I experienced problems with the Sat Nav in my 2014/64 Nissan X-Trail where the audio would drop off for about 23-25 seconds (no matter what I was listening to) and after doing this on a number of occasions during each journey, the system would then fully reset, requiring me to stop and re-set the Sat Nav and route and return the radio to the station I had been listening to. My Nissan dealer has done as much as he can): implemented a software upgrade that made no difference, then, on two further separate occasions removed the entire unit and sent it back to the dealer/manufacturer in France for repair. The first occasion was almost four weeks, the second occasion, a further three weeks, each time the unit coming back with the problem worsened. I was also told after the second return to the manufacturer that they felt there was nothing they could do, and Nissan were going to release a software upgrade themselves that should resolve the issues. Subsequently, the manufacturer instructed re-tuning the DAB Channel 1 Pre-set to a number of different stations and leaving it set there. In each, this did not resolve the problem which continued and worsened. In April 2019 I left the car with the dealer for a day as an assessor was to visit from Nissan Cared4 to adjudge the situation. I understand he took the car out for about 45 minutes and experienced both audio drop-outs and the unit resetting, and he told the dealer and cared4 that the unit needed replacing. After some further too-ing and fro-ing, Cared4 around the end of April 2019 authorised the dealer to order a new unit. I was told it was on back order from Japan, and expected to take up to 8 weeks. Around a fortnight ago, I called the dealer to book the car for an MoT (on Monday) and got a call back from the Service director who told me that there was no real news except a service bulletin had been received from Nissan stating that a software upgrade to resolve the issue would be available at the end of May. We agreed that if this was available it would be implemented during my visit on Monday next. Today, as I hadn’t heard anything, I rang again to find that no upgrade is available yet and the dealer had not been told why. He also suggested that I rang Nissan Customer Services direct to add pressure from two angles. This I did to be told that the upgrade has been delayed and is now likely mid-June, but, in the meantime, they have a temporary fix which I can have: this disables the DAB/Radio element of the unit and should allow the Sat Nav to work. I said that this would be acceptable if they can guarantee the issue will be 100% resolved by the end of the month but neither dealer nor Nissan is prepared to give this guarantee. I also told them that I can’t even trade the car in, as to do so with a problem that costs in the region of £4,000 to resolve would be immoral and probably illegal if I didn’t notify the purchaser. The dealer said it wouldn’t affect his trade-in valuation, to which I responded why did he think I’d want another Nissan? The dealer has also admitted that I am not his only customer waiting for the fix, and Nissan has stated that a new unit would not resolve the issue – yet the dealer still has cars on the forecourt for sale with the same system fitted. There are few alternative systems on the market that I believe can be installed. I’d appreciate your further thoughts,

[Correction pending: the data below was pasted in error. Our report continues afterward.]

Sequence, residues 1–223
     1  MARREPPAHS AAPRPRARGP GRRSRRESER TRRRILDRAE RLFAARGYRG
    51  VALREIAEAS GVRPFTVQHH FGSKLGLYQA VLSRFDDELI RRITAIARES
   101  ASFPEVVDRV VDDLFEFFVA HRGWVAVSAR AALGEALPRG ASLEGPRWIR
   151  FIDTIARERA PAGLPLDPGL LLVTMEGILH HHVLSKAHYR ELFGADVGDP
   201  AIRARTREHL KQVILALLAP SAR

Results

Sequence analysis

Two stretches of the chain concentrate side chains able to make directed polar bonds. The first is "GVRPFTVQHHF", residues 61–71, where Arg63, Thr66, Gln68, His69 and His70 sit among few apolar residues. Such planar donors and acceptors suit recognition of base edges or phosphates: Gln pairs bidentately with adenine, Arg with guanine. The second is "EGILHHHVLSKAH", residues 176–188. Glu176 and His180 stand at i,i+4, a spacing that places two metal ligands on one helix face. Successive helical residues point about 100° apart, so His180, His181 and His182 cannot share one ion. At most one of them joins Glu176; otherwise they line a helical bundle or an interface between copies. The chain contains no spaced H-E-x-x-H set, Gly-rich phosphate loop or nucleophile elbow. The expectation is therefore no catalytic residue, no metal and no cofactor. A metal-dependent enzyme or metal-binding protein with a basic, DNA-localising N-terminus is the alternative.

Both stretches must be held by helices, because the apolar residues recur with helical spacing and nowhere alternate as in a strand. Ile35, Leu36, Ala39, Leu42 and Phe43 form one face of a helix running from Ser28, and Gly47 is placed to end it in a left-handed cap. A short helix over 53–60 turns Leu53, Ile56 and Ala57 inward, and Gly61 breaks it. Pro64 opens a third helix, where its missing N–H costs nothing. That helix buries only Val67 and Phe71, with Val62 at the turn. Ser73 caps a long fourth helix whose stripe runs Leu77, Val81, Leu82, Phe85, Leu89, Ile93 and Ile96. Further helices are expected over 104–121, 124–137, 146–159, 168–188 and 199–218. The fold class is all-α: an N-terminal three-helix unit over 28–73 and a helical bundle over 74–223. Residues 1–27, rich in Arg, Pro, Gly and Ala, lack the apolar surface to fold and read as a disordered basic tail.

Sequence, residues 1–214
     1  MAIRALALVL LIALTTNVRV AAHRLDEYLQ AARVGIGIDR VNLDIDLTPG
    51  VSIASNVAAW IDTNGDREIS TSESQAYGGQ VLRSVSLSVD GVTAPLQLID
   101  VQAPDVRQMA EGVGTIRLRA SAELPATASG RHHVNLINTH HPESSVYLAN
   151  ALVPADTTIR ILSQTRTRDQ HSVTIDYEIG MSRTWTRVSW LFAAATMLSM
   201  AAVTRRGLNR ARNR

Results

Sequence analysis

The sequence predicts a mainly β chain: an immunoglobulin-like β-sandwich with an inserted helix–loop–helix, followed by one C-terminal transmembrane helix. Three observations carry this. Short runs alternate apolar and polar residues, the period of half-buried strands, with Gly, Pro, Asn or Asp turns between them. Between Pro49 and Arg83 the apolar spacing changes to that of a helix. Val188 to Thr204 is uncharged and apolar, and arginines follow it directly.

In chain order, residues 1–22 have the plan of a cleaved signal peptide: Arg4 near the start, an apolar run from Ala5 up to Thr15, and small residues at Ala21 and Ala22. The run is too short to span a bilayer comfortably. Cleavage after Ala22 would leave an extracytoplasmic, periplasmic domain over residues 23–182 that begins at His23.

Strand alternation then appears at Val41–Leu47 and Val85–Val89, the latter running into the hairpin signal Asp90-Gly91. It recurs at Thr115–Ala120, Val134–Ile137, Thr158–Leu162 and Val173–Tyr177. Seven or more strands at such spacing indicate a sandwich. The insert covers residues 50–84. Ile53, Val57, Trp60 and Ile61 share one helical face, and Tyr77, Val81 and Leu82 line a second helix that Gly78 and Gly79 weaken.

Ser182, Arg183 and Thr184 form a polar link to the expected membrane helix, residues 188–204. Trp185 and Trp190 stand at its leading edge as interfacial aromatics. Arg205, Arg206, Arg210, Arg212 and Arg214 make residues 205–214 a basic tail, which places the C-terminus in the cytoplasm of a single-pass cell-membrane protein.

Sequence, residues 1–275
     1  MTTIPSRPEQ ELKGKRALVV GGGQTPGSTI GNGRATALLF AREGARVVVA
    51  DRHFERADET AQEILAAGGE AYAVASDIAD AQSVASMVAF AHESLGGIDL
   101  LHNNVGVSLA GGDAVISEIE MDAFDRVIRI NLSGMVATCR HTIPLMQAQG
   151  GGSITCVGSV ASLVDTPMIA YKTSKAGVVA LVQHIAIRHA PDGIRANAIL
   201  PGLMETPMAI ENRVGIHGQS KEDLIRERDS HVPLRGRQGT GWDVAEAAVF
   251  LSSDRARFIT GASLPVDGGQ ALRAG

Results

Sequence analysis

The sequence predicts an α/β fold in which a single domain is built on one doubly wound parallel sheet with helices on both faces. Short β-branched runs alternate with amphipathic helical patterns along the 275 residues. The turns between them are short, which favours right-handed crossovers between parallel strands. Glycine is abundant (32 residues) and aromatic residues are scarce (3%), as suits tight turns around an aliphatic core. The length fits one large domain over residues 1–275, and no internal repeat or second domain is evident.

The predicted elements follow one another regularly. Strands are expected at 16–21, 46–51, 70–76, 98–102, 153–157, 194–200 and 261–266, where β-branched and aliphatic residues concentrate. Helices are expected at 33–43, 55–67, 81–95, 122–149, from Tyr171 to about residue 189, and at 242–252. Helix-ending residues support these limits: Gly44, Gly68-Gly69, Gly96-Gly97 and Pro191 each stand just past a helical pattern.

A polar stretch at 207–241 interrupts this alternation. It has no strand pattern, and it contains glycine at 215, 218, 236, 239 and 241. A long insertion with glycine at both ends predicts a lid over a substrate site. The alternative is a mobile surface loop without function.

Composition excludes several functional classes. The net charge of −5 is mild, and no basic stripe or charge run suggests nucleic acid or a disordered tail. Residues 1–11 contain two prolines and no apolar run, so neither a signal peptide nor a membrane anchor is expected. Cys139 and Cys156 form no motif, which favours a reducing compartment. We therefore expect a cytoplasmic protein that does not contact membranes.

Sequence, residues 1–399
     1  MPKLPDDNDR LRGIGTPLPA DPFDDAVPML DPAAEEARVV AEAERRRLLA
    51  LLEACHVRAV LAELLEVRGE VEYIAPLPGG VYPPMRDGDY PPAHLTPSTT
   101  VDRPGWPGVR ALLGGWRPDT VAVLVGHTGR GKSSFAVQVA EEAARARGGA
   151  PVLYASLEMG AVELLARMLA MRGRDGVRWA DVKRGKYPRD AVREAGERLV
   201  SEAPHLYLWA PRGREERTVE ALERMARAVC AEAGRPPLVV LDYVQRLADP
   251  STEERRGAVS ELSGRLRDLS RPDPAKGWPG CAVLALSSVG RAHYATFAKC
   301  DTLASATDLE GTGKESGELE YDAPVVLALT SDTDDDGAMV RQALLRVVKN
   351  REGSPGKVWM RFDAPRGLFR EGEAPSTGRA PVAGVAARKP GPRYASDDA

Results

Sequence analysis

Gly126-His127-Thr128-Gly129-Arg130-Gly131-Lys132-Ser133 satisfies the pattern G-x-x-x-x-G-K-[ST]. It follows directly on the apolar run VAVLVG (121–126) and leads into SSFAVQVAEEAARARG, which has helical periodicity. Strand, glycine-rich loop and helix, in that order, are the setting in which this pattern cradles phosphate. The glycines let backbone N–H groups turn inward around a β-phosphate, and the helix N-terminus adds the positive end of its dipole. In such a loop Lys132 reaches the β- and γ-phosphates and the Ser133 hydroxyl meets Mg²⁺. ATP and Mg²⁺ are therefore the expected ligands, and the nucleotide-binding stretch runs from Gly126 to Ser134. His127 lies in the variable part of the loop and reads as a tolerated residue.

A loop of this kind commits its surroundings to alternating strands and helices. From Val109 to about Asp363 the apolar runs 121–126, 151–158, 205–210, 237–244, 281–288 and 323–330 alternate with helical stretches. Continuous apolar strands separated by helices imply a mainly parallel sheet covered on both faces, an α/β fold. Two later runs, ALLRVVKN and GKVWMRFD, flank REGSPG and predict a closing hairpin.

RS, via email

You have been extremely patient. I don't know the terms of your warranty (what it covers/does not cover). But if you have paid for a car and paid for a warranty that is supposed to cover the Infotainment unit and it still cannot be made to work then you could sue for a direct replacement using Small Claims: https://www.gov.uk/make-court-claim-for-money First, you need to send a letter describing the problem and the failure to fix to the dealer principal of the supplying dealership and stating if it isn't fixed within 2 weeks you will take the matter to Small Claims. Send it by Post Office Special Delivery, keep a copy, and staple the certificate of posting to the copy so it becomes a ‘matter of record’ should you need it for the court.

Click back to Honest John’s Motoring Agonies 07-09-2019 Part 1

Comments

DrTeeth    on 6 September 2019

Modern engines are not optimised for 99 Octane fuel. They have to have anti-knock sensors that can dynamically advance the timing until pinking occurs and them slacken it off a bit. If they were indeed optimised for 99, they would pink like crazy on 95 and burn holes in the pistons as well as being very gutless and having atrocious fuel economy.

B Whinnie    on 6 September 2019